Harmful LDL functionality contributes to an increase of cardiovascular disease in those with obesity but could decrease within weight loss.
Published in the Journal of Lipid Research, new study results concluded that obesity-induced inflammation causes a harmful low-density lipoprotein (LDL) interaction that can lead to a higher risk of cardiovascular disease (CVD).
LDL is also connected to major risk factors for CVD, but changes in LDL levels have not been reported with obesity or weight loss. Researchers conducted a study to increase knowledge of LDL functionality in obesity, including research that assessed the functionality of a single-donor LDL from plasma in individuals diagnosed with severe obesity, before and after having bariatric surgery.
Obesity has become a growing concern in the United States, as it affects over 40% of adults and the number is increasing. Research has shown that obesity is associated with a greater risk of developing diabetes, certain cancers, hyperlipidemia, hypertension, chronic inflammation, oxidative stress, and CVD. With the increased risk of CVD comes with a higher chance of harm involving elevated triglycerides presented in very low-density lipoproteins (VLDL) and impaired functionally of high-density lipoproteins (HDL).
The press release noted that bariatric surgery is an effective treatment for quick and sustained weight loss, leading to decreased CVD mortality and improved triglycerides and an HDL cholesterol.
The researchers found that LDL functionality is based on non-atherogenic lipoprotein uptake from peripheral cells, through an LDL receptor (LDLR), compared to a pro-atherogenic uptake from arterial macrophages through scavenger receptors.
However, the press release noted that 2 LDL subclasses (LDL (-), and small dense LDL) relate to obesity, type 2 diabetes, and inflammation. Research has found that the LDL subclasses are pro-atherogenic.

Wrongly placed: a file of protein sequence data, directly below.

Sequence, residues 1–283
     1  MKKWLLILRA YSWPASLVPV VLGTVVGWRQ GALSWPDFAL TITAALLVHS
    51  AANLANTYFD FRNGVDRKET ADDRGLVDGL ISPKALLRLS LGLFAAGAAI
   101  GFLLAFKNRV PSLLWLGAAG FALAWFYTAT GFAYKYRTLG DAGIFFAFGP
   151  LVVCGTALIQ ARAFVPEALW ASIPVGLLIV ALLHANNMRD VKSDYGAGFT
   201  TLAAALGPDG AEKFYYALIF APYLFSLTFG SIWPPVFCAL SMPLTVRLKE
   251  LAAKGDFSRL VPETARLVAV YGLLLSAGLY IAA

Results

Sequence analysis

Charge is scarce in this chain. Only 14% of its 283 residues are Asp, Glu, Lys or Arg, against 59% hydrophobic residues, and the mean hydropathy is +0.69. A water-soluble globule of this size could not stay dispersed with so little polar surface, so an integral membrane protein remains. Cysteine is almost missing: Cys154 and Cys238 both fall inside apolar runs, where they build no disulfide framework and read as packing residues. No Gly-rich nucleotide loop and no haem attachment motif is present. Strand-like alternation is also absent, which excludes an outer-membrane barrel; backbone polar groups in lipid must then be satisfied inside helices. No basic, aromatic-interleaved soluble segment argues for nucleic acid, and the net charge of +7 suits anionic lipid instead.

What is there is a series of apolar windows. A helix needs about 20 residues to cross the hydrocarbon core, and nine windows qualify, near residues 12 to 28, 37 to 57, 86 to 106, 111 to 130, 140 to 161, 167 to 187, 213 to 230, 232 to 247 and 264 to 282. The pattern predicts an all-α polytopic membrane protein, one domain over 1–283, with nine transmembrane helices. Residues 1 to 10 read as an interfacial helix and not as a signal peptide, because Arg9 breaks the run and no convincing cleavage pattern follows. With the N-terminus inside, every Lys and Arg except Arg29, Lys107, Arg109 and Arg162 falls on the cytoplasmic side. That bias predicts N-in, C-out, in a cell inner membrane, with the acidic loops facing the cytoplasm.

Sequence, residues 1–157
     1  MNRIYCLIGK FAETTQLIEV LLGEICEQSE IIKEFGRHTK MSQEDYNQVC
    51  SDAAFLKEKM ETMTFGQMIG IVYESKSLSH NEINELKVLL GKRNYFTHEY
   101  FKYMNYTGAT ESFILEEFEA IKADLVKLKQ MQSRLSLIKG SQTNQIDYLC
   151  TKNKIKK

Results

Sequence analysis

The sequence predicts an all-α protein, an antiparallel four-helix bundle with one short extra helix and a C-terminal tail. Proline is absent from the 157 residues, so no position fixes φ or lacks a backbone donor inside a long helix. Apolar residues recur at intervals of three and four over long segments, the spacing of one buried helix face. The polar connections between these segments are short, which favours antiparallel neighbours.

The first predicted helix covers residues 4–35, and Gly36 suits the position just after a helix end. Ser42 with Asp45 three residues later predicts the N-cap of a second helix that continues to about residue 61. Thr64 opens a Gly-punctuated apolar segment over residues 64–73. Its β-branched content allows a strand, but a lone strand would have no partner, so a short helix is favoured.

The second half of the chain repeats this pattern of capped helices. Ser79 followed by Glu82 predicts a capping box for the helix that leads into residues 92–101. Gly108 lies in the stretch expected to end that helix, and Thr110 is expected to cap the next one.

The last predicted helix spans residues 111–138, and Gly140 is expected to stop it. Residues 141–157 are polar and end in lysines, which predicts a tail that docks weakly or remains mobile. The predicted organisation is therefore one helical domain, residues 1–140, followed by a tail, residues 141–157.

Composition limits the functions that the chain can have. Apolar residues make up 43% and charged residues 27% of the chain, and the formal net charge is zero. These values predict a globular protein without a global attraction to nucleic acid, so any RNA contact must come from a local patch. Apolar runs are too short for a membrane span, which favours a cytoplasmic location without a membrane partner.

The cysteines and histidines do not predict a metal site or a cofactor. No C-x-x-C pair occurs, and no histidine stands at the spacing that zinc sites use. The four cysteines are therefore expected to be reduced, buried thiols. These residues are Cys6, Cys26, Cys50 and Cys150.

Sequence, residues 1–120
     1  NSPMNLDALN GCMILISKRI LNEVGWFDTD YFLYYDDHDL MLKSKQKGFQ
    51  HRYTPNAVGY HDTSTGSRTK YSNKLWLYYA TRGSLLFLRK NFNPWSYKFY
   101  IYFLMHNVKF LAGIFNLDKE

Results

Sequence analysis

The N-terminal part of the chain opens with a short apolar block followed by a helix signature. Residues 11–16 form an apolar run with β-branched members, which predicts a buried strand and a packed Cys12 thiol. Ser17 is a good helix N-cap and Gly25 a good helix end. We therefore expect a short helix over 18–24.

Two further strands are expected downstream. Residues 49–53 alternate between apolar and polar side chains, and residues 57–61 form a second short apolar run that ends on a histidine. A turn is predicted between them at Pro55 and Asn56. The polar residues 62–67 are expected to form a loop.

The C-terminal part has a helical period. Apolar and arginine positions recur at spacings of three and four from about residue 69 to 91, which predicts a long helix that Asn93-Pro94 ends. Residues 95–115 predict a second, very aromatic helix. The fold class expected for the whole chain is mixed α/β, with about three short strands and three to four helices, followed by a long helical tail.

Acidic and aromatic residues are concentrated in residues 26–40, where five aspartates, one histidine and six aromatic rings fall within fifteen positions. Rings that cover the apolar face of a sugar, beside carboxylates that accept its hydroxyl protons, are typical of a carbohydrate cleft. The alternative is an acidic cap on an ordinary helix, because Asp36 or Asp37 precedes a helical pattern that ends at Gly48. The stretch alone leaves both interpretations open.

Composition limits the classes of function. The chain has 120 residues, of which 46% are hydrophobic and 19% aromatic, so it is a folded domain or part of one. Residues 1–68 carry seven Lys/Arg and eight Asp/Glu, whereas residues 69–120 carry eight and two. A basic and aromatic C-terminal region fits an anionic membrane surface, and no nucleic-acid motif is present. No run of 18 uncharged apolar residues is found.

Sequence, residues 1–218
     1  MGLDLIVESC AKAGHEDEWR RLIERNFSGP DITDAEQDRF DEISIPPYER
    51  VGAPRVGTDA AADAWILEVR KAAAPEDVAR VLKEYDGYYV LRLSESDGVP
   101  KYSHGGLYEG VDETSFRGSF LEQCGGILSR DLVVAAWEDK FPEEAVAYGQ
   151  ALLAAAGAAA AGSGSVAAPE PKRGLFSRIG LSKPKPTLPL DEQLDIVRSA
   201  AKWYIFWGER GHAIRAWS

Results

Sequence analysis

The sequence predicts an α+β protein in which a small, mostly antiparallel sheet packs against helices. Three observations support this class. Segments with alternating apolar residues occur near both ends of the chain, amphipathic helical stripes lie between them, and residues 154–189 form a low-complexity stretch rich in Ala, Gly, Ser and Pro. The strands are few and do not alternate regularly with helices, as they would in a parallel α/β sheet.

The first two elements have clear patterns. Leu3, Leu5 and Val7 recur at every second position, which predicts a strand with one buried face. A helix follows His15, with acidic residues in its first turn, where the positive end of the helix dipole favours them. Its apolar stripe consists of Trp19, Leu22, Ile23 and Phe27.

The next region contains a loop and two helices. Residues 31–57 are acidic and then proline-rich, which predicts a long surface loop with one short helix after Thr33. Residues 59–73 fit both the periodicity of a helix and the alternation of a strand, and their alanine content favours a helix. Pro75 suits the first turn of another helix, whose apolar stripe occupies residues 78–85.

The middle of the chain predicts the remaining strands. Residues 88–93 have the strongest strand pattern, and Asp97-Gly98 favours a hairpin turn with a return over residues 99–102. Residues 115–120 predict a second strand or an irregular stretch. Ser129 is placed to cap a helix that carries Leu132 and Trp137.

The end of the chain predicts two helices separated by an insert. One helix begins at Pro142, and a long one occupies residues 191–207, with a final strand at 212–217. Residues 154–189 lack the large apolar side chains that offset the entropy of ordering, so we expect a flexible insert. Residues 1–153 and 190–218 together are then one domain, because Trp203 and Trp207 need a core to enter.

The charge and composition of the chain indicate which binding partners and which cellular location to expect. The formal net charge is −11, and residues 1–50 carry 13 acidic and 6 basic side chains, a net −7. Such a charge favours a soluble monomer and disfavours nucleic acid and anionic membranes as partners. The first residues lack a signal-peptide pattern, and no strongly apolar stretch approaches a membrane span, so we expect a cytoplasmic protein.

“First, their decreased affinity for LDLR prolongs their residence time in the bloodstream, increasing the probability of pro-atherogenic modifications. Second, they penetrate the arterial wall more easily, bind more strongly to arterial proteoglycans, and hence, are retained more readily. Third, they are more prone to fusion, which enhances lipoprotein retention in the arterial wall. Finally, they are more susceptible to oxidation, which drives LDL uptake via scavenger receptors,” said the study authors.
In the study, the researchers included plasma LDL from 6 individuals with obesity from a subset of 13 individuals diagnosed with obesity. The researchers aimed to examine the impact of bariatric surgery on LDL assets that could add to the development of atherosclerosis.
The press release noted that blood samples were taken from the individuals a week before bariatric surgery and 6 to 12 months after. The plasma extracted from the individuals was frozen until use, with the LDL separated from the plasma.
The researchers used previous studies to conclude that LDL functionality directly linked to the risk of developing CVD. However, the press release noted that even though the previous studies did not find a connection in obesity connected with elevated LDL levels, LDL relates to the content of lipids and proteins that are found in obesity.
The current study found that as the functional changes in LDL made them more pro-atherogenic, it contributed to obesity-induced inflammation that was reported to decrease in the following year after bariatric surgery.
“These findings compel us to propose that pro-atherogenic LDL alterations are central to the accelerated CVD development in obesity. Weight loss following bariatric surgery can partially normalize these LDL alterations by reducing the systemic obesity-associated inflammation,” said the study authors.
LDL binding to cell receptors and extracellular matrix is proatherogenic in obesity but improves after bariatric surgery. Journal Of Lipid Research. News release. Accessed October 5, 2023. https://www.jlr.org/article/S0022-2275(23)00124-4/fulltext.